US President Donald Trump’s nomination of his Treasury Undersecretary David Malpass to become President of the World Bank Group and CEO of the World Bank should be seen more as an opportunity than a problem by African leaders and other major borrowers.
By one scenario the US could still secure a majority vote for their nominee, as they have in every Bank presidential election since the institution’s founding in 1944. But this shouldn’t be viewed as cast in stone given how threadbare previously staunch relationships have become, mainly due to Trump’s erratic behaviour. Even the US’s European allies, including Germany’s Chancellor Angela Merkel, have shown a willingness to publicly criticise Trump and his policies in ways not heard since World War II.
Added to this are concerns about Trump’s misguided views – shared by Malpass – that multilateral institutions are hostile to US interests. As New York Council on Foreign Relations expert Stewart Patrick argues, Malpass’s appointment could undermine the Bank’s invaluable work around the globe.
So, could his nomination be blocked and how?
There are four reasons why opposing Trump’s nominee may be easier than it first appears.
Opposing Trump’s choice
The first reason is that Trump may not survive in office much longer. His polling numbers remain at historic lows. His legal problems continue to escalate and evident to voters. And with the Democrats now in control of the US House of Representatives, they have subpoena powers to investigate allegations of Trump’s illicit actions and conflicts of interest, adding to his political vulnerabilities.
Secondly, reforms in nominating and appointing Bank presidents in 2011 opened up the process for the first time in 2012. Then there were three finalist, Nigerian Ngozi Okonjo-Iweala, Columbian Jose Antonio Ocampo and US candidate Jim Yong Kim.
In the end Kim got the job on the back of then President Barack Obama’s nomination. It’s useful to note that both Kim and Obama enjoyed far more international support than Malpass and Trump today.
Thirdly, an important precedent was set last year when Trump’s candidate to head the Bank’s International Organisation for Migration was rejected by United Nations (UN) members. The main reason was that his anti-Muslim statements were judged antithetical to its policies of inclusion. It was an unprecedented rejection – the office had been led by Americans since the 1960s.
Rejecting Malpass would be a second victory for those who believe all senior world leadership posts should be decided on merit and more inclusive representation.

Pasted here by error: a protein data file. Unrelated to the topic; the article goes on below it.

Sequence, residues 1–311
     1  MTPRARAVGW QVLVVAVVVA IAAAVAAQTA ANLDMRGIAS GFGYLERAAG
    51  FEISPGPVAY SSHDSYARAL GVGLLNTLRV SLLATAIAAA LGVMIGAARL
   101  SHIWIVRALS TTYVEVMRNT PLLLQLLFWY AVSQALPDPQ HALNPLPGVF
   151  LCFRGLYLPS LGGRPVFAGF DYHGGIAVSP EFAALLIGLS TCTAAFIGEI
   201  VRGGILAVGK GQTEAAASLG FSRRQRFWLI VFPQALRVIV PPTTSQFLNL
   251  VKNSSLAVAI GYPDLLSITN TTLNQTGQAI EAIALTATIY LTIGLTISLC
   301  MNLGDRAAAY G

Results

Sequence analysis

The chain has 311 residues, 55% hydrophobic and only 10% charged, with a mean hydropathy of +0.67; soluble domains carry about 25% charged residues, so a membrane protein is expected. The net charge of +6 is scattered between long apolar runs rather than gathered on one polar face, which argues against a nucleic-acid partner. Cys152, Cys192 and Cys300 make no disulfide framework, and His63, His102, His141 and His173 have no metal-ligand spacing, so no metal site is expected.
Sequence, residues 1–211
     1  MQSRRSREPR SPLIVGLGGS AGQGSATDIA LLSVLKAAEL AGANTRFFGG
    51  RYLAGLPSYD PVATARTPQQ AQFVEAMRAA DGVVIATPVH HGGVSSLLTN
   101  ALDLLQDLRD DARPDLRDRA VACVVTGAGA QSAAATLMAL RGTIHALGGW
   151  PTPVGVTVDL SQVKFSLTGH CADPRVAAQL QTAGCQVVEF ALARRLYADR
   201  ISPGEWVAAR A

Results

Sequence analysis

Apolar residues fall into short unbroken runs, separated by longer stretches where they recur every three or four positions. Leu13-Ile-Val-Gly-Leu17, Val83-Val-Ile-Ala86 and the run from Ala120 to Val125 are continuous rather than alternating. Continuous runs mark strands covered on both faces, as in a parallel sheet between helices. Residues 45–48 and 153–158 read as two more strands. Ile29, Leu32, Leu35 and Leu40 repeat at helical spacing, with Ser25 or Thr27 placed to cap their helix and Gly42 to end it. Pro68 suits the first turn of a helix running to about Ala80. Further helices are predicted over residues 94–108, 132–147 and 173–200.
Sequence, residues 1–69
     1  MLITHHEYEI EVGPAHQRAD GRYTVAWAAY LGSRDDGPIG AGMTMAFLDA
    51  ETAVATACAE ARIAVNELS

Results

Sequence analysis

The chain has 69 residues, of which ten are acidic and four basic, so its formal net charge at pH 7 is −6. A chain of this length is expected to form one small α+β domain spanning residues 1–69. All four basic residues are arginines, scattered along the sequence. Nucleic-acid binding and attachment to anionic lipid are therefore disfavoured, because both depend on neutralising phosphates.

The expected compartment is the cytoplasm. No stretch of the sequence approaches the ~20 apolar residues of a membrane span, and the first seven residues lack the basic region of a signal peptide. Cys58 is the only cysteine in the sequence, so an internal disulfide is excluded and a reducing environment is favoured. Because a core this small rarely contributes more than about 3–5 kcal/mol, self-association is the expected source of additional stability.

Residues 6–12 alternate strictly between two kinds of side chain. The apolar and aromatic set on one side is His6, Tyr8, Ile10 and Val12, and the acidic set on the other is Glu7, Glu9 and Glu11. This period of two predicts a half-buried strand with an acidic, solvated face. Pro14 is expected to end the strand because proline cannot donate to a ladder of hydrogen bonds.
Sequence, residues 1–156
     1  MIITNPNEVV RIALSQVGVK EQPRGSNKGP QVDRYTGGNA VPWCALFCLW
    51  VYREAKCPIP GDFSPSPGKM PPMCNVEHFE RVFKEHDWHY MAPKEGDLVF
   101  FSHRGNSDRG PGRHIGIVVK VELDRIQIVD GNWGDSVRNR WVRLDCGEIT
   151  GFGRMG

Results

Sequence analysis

The last reason that there’s hope in rejecting Malpass is that the power dynamics in the bank have changed dramatically in the last nearly 80 years. The US has always justified its power to select the president on the grounds that it was the bank’s largest shareholder.
This was true when the bank began operations in the 1940s. Then the US held 35.07% among just 38 members. Today, the bank belongs to 193 countries and the US voting share is 15.98%.
Nevertheless, denying the US a voting majority is challenging. The president of the bank is selected by 25 directors, most representing regional groups. America’s traditional allies, UK, France, Germany and Japan control 18.48% and there is a long-running understanding that for their support of America’s candidates for the bank, the US will reciprocate by supporting a European to head the International Monetary Fund.
But this is no longer necessarily a fail-safe for America. Trump has tense relations with many US allies. And directors representing groups of African, Latin American and Asian countries may find majorities of their members willing to oppose the US.
Voting scenarios suggest blocking Malpass is politically possible. But, to pull it off would require positive, deliberative and inclusive action.
The nominations period began on 7 February and close on 14 March. Malpass was the first entry, with Trump presumably hoping to discourage competition. With just weeks remaining, any member who wants to nominate one of their nationals should be encouraged to do so.
Names of potential candidates already raised in media reports include Donald Kaberuka of Rwanda, Sri Mulyani Indrawati of Indonesia. Others are 2012 finalists, Ocampo and Okonjo Iweala. Others deserving consideration from Africa, Asia and Latin America might well be waiting in the wings.
The US is likely to argue that to ensure a smooth transition, a new president should be named prior to the 9-14 April 2019 annual meeting of World Bank members in Washington.
But this is no longer an issue. Under the 2011 reforms there is now an interim president, the highly regarded Kristalina Georgieva of Bulgaria. She is fully capable of managing the bank while all candidates are carefully vetted for their personal integrity and professional achievements.
The search for a new head of the bank should also allow for input from the many large national and international civil society organisations that are its vital partners.
A leader the World Bank needs
Malpass need not be denigrated, notwithstanding his negative views of multilateralism and lack of any positive agenda for the World Bank. What’s more important is that a consensus candidate is found who has the necessary skills and practical ideas for the bank to better support much needed programmes in Africa and other countries.
There are also huge infrastructure needs the bank can address. And it needs quick response capabilities to help countries cope with sudden natural disasters and pandemics.
If a search driven by these concerns succeeds, then bank supporters can thank Trump for unwittingly encouraging their efforts.